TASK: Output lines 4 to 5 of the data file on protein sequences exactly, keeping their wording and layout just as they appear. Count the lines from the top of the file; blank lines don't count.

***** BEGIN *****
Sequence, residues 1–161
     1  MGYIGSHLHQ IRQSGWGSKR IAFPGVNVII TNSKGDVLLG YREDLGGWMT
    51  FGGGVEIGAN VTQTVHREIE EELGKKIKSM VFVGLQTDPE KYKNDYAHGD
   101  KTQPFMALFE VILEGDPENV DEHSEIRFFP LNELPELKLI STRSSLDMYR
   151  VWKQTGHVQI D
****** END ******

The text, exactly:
   101  KTQPFMALFE VILEGDPENV DEHSEIRFFP LNELPELKLI STRSSLDMYR
   151  VWKQTGHVQI D